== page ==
For the third year in row, federal officials say that the graduation rate for the nation’s students with disabilities is on the rise.

Figures released this week indicate that the graduation rate for those with disabilities hit 63.1 percent for the 2013–2014 school year.

That’s an increase over the 61.9 percent reported for the 2012-2013 school year and growth of 4.1 percent over three years, the U.S. Department of Education said.

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The gains come as federal education officials are touting four years in a row of record-high graduation rates across the country with some 82.3 percent of all students receiving diplomas during the 2013–2014 school year.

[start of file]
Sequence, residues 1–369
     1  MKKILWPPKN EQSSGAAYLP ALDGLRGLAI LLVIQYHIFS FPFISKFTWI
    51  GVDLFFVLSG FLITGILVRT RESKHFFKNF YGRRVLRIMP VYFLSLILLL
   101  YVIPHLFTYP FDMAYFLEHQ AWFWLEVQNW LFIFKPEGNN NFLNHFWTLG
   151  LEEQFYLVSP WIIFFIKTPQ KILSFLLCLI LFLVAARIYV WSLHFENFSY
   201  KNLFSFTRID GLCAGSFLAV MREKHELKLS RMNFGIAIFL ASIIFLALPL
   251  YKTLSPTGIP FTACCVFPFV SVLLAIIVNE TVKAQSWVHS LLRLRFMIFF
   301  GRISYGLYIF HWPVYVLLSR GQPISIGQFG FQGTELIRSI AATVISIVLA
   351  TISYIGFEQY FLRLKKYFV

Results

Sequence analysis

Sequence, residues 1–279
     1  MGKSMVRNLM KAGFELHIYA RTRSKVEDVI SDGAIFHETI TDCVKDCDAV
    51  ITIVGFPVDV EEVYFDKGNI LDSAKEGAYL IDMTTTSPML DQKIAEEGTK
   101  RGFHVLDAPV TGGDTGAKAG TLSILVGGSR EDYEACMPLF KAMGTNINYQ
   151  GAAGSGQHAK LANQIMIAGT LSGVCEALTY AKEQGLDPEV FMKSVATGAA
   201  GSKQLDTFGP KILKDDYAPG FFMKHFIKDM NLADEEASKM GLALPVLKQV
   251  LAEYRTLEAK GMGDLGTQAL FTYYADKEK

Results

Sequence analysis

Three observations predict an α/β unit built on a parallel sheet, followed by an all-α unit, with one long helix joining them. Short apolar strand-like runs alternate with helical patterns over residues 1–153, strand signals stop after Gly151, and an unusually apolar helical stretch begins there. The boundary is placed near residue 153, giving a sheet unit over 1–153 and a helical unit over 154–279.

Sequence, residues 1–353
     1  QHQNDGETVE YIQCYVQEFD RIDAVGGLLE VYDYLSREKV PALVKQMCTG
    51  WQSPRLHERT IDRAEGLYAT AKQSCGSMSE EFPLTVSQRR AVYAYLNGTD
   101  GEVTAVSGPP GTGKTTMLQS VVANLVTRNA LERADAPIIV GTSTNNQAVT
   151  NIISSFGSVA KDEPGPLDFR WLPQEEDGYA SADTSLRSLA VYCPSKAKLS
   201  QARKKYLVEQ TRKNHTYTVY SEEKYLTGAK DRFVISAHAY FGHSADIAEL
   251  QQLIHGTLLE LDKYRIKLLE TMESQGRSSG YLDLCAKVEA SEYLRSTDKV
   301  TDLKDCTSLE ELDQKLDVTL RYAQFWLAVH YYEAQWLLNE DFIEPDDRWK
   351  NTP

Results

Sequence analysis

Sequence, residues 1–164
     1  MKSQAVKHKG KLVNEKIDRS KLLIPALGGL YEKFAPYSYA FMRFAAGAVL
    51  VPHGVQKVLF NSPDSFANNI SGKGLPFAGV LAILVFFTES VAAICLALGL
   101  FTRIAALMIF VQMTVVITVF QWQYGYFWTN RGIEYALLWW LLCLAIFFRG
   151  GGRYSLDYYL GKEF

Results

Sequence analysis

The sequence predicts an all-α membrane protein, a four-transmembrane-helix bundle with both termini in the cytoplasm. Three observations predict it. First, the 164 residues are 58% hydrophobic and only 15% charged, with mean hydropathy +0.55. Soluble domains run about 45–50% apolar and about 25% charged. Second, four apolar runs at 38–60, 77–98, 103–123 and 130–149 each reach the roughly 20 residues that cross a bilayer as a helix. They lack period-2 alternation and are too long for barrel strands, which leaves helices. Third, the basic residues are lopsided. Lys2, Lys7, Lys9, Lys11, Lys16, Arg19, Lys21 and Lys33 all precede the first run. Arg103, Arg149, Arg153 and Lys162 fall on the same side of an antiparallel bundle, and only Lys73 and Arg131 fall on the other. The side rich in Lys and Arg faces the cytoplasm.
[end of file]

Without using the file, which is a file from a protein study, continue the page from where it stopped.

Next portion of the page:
“America’s students have achieved another record milestone by improving graduation rates for a fourth year,” U.S. Secretary of Education Arne Duncan said. “The hard work of teachers, administrators, students and their families has made these gains possible and as a result many more students will have a better chance of going to college, getting a good job, owning their own home and supporting a family.”

The data issued this week provides a snapshot of the number of students nationwide earning a regular high school diploma within four years, along with breakdowns for various demographic groups.

Among students with disabilities, graduation rates varied markedly by state with a high of over 83 percent graduating in Arkansas and a low of 27.6 percent in Nevada, though the Education Department has indicated that reporting differences from state to state play a role in the variation.